Budget Cut Conflicts between the US and Europe

28 06 2010

To most people, budgeting is not an exciting activity to engage in, and the same is true for politicians. Governments are spending more than they are generating, and are realizing that this leads to enormous amounts of risk when the economy is weak.

In Europe, politicians are seeking to cut governments spending, and the US is trying to convince them that that is not the solution. The US insists that cutting government spending will actually hurt the recovery of the economies that are swimming in debt.

President Obama explains that cutting budgets too soon could prolong recovery, and that continuing to spend money will foster economic growth. (The US Federal Deficit is 11.3% of the GDP, and is projected to reach $1.6 trillion by the end of this year.)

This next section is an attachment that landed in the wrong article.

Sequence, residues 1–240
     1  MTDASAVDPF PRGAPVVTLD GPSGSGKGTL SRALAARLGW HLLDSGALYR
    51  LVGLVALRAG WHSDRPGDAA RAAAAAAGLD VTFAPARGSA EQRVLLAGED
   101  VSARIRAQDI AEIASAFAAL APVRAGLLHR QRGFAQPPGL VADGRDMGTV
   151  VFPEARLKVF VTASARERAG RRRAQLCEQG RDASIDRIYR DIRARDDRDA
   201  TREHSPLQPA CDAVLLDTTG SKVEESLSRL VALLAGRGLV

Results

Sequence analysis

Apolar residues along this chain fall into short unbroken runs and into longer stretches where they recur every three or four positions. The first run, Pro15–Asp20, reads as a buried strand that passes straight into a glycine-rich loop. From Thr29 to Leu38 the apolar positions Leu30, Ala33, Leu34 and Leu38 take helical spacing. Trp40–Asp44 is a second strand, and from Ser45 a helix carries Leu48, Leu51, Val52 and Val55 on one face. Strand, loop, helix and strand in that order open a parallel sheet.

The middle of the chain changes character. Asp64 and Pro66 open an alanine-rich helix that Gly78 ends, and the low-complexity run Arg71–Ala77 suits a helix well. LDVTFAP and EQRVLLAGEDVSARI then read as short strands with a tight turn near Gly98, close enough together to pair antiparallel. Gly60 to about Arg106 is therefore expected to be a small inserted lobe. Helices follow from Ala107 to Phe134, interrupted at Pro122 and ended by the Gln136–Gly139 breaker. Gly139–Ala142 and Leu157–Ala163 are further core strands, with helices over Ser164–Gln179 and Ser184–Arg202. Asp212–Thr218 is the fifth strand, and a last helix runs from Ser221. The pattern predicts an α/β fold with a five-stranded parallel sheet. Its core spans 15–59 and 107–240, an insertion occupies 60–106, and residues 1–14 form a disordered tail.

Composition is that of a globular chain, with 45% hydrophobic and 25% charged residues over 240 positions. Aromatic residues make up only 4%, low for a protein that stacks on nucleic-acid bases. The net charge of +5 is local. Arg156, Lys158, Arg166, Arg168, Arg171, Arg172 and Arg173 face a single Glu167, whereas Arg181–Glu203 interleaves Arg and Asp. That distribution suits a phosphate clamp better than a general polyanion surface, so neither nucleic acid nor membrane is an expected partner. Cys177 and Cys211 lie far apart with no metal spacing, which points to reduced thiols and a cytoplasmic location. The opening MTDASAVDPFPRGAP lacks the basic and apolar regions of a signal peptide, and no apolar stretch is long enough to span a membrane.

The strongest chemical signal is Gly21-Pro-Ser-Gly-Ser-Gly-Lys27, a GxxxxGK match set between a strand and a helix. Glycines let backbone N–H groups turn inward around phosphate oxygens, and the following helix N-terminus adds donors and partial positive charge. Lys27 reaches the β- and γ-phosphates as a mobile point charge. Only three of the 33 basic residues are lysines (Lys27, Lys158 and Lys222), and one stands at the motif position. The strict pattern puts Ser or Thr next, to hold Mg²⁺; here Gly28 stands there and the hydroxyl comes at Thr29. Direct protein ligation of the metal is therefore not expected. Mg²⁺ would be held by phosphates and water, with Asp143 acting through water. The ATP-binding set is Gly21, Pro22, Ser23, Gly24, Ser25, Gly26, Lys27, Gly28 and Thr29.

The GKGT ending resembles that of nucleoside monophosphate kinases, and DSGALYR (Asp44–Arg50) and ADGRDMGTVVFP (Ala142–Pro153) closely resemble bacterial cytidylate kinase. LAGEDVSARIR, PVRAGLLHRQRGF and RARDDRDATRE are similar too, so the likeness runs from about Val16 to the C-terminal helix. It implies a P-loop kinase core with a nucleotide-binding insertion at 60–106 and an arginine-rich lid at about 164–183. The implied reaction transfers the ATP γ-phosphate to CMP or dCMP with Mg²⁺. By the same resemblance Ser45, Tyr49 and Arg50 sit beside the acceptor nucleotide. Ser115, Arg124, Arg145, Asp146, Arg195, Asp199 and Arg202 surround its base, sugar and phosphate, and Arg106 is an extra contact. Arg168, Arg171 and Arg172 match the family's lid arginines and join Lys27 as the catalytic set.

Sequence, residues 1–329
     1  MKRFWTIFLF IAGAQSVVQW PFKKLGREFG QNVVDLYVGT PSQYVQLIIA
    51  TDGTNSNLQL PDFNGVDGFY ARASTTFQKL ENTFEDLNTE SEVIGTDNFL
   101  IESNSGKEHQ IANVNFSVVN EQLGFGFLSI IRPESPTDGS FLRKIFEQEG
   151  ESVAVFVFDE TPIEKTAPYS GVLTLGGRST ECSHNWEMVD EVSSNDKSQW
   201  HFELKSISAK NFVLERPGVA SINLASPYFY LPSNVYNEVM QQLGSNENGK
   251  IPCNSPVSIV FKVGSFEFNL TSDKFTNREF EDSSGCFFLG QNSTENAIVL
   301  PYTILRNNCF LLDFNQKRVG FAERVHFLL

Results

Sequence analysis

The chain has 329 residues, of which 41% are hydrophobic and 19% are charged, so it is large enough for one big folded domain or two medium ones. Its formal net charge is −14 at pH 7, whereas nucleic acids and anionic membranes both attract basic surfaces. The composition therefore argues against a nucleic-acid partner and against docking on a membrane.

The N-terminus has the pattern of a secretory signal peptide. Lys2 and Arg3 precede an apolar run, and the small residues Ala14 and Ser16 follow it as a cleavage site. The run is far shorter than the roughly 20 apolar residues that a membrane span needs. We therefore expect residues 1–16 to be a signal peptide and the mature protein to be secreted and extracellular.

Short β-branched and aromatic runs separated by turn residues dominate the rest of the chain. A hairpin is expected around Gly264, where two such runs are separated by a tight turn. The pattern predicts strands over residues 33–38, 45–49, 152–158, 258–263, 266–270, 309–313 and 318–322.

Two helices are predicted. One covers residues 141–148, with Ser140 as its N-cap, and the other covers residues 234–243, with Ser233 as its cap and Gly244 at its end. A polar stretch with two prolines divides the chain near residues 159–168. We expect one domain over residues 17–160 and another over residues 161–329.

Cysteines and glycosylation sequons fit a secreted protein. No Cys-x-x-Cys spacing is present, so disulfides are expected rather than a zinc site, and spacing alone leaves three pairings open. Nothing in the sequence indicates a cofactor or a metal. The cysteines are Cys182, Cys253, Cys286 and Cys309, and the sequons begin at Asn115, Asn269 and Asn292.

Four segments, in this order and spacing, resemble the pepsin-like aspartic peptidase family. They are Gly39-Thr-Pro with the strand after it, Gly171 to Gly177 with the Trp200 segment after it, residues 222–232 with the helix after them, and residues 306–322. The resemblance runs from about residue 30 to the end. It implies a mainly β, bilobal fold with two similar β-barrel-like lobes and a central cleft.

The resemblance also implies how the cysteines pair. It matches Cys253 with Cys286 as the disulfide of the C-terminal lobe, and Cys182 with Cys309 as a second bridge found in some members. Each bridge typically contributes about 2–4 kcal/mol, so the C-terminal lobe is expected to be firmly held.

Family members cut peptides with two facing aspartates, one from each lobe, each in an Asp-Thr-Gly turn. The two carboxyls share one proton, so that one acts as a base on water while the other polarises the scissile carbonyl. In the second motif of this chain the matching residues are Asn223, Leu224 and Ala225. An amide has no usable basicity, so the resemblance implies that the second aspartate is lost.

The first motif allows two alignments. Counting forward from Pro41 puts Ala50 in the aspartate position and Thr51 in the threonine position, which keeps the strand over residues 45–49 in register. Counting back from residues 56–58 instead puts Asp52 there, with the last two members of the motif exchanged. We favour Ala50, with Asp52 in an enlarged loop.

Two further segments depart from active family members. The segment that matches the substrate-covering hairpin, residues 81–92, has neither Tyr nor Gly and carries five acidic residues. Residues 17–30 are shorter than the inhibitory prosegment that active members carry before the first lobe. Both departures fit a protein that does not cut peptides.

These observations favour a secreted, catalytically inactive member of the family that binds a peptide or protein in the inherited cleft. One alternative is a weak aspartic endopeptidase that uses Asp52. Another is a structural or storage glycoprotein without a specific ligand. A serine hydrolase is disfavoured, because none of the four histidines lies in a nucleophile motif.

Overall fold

Yet, European countries are determined to reduce spending in the public budgets. They claim that the cuts are necessary, as opposed to raising taxes in order to fund further spending, and the governments taking more responsibility regarding spending will build confidence.

These differences of opinion were among the many items on the agenda discussed over the weekend at the G20 summit. Dominique Strauss-Kahn, head of the International Monetary Fund expressed that he felt more encouraged about the willingness of G20 members to coordinate their economic policies so that global recovery does not slow down or come to a halt. He expressed that if all countries tighten their budgets at the same time, it could destroy recovery, and that it would be okay if countries moved at different speeds.

What are your thoughts?




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